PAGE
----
By Lori Robertson, with Brooks Jackson, Eugene Kiely, Robert Farley and Ben Finley, FactCheck.org
CHARLOTTE, N.C. - In a rousing double-header, Democratic delegates heard Barack Obama and Joe Biden both accept renomination on their convention's final night. And we heard some facts being spun.
•President Obama boasted that his plan would cut the deficit by $4 trillion over 10 years, citing "independent experts." But one such analyst called a key element of the plan a "gimmick."
•Vice President Biden quoted GOP presidential nominee Mitt Romney as saying "it's not worth moving heaven and earth" to catch Osama bin Laden. Actually, Romney said he'd target more than just "one person."
•The president said U.S. automakers are "back on top of the world." Nope. GM has slipped back to No. 2 and is headed for third place in global sales this year, behind Toyota and Volkswagen.
•Biden said "the experts" concluded Romney's corporate tax plan would create 800,000 jobs in other countries. One expert said that. She also said the number depends on the details, and foreign jobs could grow without costing U.S. jobs.
•Obama quoted Romney as saying it was "tragic" to "end the war in Iraq." What Romney was criticizing was the pace of Obama's troop withdrawal, not ending a war.
•Biden claimed Romney "believes it's OK to raise taxes on middle classes by $2,000." Romney actually promises to lower middle-class taxes.
•Biden said Romney and running mate Paul Ryan "are not for preserving Medicare at all." Actually, the plan they endorse would offer traditional Medicare as one option among many.
•Obama said his tax plan would restore "the same rate we had when Bill Clinton was president" for upper-income taxpayers. Not quite. New taxes to finance the health care law also kick in next year, further burdening those same taxpayers.
$4 trillion deficit reduction?
Obama exaggerated when he claimed "independent experts" say his deficit-reduction plan would reduce the federal deficit by $4 trillion over 10 years. Actually, one independent analysis criticized a central part of the president's plan as a "gimmick."
In September of last year, Obama released "The President's Plan for Economic Growth and Deficit Reduction." The plan purports to generate $4 trillion in deficit reduction over 10 years - including "more than $1 trillion in savings over the next 10 years from our drawdowns in Afghanistan and Iraq."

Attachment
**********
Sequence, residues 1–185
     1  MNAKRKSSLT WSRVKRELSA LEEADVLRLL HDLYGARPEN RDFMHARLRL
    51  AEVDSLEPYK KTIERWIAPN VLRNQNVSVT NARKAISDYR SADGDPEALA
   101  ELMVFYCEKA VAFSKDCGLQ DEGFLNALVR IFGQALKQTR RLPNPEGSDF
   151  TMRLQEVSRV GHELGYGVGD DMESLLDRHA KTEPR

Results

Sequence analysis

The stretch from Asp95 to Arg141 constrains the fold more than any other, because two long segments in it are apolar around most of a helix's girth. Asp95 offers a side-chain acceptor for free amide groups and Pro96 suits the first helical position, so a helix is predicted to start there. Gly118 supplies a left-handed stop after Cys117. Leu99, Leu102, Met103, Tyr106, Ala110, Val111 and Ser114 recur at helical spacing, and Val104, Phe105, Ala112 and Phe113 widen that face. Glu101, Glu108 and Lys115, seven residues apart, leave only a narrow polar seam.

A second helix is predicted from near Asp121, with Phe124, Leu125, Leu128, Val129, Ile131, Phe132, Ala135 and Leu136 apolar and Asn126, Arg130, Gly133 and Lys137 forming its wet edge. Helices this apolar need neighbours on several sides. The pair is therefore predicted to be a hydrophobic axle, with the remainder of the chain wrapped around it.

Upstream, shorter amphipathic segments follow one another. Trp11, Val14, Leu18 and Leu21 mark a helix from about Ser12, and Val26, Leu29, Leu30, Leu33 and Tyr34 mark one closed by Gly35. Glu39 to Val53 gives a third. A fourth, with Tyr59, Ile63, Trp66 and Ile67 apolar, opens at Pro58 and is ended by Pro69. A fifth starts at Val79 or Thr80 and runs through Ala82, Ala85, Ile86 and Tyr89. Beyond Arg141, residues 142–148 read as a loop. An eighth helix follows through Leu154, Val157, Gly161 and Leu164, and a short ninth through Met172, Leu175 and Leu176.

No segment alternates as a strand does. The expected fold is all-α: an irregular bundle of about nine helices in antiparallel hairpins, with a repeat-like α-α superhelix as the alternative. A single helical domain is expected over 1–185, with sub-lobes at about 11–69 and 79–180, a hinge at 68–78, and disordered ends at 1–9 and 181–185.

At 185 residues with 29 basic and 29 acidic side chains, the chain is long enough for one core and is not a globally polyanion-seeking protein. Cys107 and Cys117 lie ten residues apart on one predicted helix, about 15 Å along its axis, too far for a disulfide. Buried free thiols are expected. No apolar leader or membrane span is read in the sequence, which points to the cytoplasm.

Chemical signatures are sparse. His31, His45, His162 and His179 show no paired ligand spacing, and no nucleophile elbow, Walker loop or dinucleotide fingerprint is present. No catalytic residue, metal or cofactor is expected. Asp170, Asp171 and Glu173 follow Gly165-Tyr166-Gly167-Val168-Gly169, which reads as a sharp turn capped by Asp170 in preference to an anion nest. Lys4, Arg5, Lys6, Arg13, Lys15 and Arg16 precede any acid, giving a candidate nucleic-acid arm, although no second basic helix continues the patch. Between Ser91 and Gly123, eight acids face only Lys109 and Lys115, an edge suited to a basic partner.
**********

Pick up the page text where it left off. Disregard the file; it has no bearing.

In February, when Obama released his fiscal year 2013 budget, the Committee for a Responsible Federal Budget criticized the president's plan for relying on savings from winding down the two wars. Maya MacGuineas, president of the bipartisan group, called it a "gimmick."
"There are a number of good policies in this budget, but the use of this war gimmick is quite troubling," said MacGuineas. "Drawing down spending on wars that were already set to wind down and that were deficit financed in the first place should not be considered savings. When you finish college, you don't suddenly have thousands of dollars a year to spend elsewhere - in fact, you have to find a way to pay back your loans."
In addition, the president's plan includes another $1 trillion in savings from the Budget Control Act that had been agreed to as part of the deal with Congress to raise the debt ceiling. That's not new savings, but accounts for already agreed-upon savings.
Biden's bin Laden baloney
Biden repeated the Obama campaign's claim - previously made in a Web ad- that Romney said that "it's not worth moving heaven and earth, and spending billions of dollars" to catch Osama bin Laden.
The claim, which Republicans disputed, fails to include the rest of Romney's quote from an Associated Press story. Romney said the country's focus should not be on one person, but it should be a "broader strategy to defeat the Islamic jihad movement."
Biden: Folks, Governor Romney didn't see things that way. When he was asked about bin Laden in 2007, here's what he said. He said, "It's not worth moving heaven and earth and spending billions of dollars just to catch one person."
Romney's quote comes from an interview with the AP in April 2007 - when bin Laden was still alive.
AP: [Romney] said the country would be safer by only "a small percentage" and would see "a very insignificant increase in safety" if al-Qaeda leader Osama bin Laden was caught because another terrorist would rise to power. "It's not worth moving heaven and earth spending billions of dollars just trying to catch one person," Romney said. Instead, he said he supports a broader strategy to defeat the Islamic jihad movement.
A transcript of Romney's 2007 interview, which the conservative website Townhall obtained from the Romney campaign, offers more context:
[AP reporter ] Liz Sidoti: Why haven't we caught bin Laden in your opinion?
Romney: I think, I wouldn't want to over-concentrate on Bin Laden. He's one of many, many people who are involved in this global Jihadist effort.
He's by no means the only leader. It's a very diverse group - Hamas, Hezbollah, al-Qaeda, Muslim Brotherhood and of course different names throughout the world.
It's not worth moving heaven and earth and spending billions of dollars just trying to catch one person. It is worth fashioning and executing an effective strategy to defeat global, violent Jihad and I have a plan for doing that.
Not quite 'on top'